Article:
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Vancouver city council to look at temporary modular housing in single-family neighbourhoods

Last Updated Sep 9, 2019 at 11:15 am PST

FILE - Homes are pictured in Vancouver, Tuesday, Apr 16, 2019. THE CANADIAN PRESS/Jonathan Hayward
Summary

Single-family zoned land costs less, and could be used for more affordable housing

Boyle says while some Vancouverites may push back, the city needs to find ways to house people

VANCOUVER (NEWS 1130) – Rezoning single-family neighbourhoods to allow temporary modular housing and permanent low-income housing could help get people off the streets, Vancouver City Councillor Christine Boyle says, and she’s proposing that idea to council.

“The places where we have been looking at and placing this type of housing tends to be parking lots, land that’s waiting to be redeveloped,” she says, adding those areas tend to be more expensive and RS/RT land, typically zoned for single-family dwellings, costs far less.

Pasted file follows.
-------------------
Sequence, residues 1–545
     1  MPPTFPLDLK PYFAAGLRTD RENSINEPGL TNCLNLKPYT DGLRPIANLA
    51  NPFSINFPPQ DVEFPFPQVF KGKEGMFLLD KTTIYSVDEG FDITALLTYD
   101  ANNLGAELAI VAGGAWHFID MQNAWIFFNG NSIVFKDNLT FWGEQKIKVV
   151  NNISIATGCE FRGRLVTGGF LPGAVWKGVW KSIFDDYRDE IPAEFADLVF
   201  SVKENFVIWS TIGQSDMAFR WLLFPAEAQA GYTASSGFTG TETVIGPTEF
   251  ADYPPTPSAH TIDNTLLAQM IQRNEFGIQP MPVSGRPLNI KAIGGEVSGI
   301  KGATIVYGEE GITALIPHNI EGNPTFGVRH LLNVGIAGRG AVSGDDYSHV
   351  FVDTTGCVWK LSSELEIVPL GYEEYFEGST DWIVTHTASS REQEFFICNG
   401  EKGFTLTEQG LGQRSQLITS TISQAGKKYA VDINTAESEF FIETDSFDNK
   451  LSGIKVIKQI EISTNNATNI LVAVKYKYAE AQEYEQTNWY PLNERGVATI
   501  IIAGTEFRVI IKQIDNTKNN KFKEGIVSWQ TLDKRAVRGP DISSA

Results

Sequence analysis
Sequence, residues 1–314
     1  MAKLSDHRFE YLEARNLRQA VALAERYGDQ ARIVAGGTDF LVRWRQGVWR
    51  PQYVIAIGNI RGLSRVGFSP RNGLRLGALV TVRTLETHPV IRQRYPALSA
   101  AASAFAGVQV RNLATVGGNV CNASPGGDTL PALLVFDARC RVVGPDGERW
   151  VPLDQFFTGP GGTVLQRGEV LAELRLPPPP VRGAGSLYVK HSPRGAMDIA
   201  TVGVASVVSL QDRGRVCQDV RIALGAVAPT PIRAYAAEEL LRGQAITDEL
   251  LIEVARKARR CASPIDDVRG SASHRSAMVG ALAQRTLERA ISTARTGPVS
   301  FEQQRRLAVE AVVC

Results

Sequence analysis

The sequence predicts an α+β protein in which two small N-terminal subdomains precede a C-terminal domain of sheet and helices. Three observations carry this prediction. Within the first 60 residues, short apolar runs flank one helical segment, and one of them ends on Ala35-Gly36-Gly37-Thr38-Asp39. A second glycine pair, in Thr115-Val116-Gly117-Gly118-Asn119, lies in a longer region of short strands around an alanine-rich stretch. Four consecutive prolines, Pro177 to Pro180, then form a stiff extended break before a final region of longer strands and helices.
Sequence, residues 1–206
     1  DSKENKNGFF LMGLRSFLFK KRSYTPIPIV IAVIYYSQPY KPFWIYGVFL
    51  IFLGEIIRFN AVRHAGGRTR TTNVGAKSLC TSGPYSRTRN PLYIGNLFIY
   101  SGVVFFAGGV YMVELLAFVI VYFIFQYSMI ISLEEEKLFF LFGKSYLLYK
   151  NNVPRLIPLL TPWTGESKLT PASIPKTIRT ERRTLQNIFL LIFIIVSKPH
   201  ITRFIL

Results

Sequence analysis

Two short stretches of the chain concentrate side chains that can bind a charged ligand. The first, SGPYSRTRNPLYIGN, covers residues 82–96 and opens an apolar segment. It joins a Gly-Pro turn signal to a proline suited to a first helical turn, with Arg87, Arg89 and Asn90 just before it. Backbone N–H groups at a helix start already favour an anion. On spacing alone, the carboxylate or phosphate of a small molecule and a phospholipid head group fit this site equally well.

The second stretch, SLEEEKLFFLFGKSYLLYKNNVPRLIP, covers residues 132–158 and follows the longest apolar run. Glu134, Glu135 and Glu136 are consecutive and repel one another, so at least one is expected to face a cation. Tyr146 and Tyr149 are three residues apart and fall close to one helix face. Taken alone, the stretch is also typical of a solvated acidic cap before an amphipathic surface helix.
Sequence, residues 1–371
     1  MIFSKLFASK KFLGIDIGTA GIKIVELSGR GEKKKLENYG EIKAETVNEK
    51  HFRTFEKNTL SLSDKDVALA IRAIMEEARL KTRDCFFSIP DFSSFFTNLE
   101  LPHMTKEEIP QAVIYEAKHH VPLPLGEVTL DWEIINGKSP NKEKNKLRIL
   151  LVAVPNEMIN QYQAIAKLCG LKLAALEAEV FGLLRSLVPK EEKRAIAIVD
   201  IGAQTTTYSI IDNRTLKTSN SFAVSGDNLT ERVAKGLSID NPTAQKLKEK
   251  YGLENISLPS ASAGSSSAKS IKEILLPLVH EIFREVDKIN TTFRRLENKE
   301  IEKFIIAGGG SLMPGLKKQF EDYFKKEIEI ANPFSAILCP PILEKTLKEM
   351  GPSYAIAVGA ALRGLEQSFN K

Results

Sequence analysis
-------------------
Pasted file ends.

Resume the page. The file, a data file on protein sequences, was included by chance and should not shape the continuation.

“The RS/RT land in the city is largely some of the least expensive per-square-foot land,” Boyle says, but it’s not considered an option for low-income housing right now. “I think it makes sense if we’re looking at where and how we can expand low-income housing across the city if we include some of the least expensive per-square-foot land in the city.”

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On Tuesday, Boyle is asking council to look at whether that cheaper land can be used to build more affordable housing.

“We know that we need more homes for people. The homeless count in Vancouver this past year was more that 2,000 people and we’re seeing a large number of people having to sleep in tents and parks. They have nowhere to go, and I hear from Vancouverites that they want us to step up and address the issue,” she says. “Temporary modular housing has been one of the solutions. As well, we really need to be increasing the amount of permanent low-income housing that we have in the city. This motion attempts to get at some new or expanded solutions for both of those.”

Boyle says that while there may be some opposition, she thinks Vancouverites have compassion and know that the city needs to find ways to house people.

If her motion is passed, staff will come back to council with more information on the possibilities by the end of the year.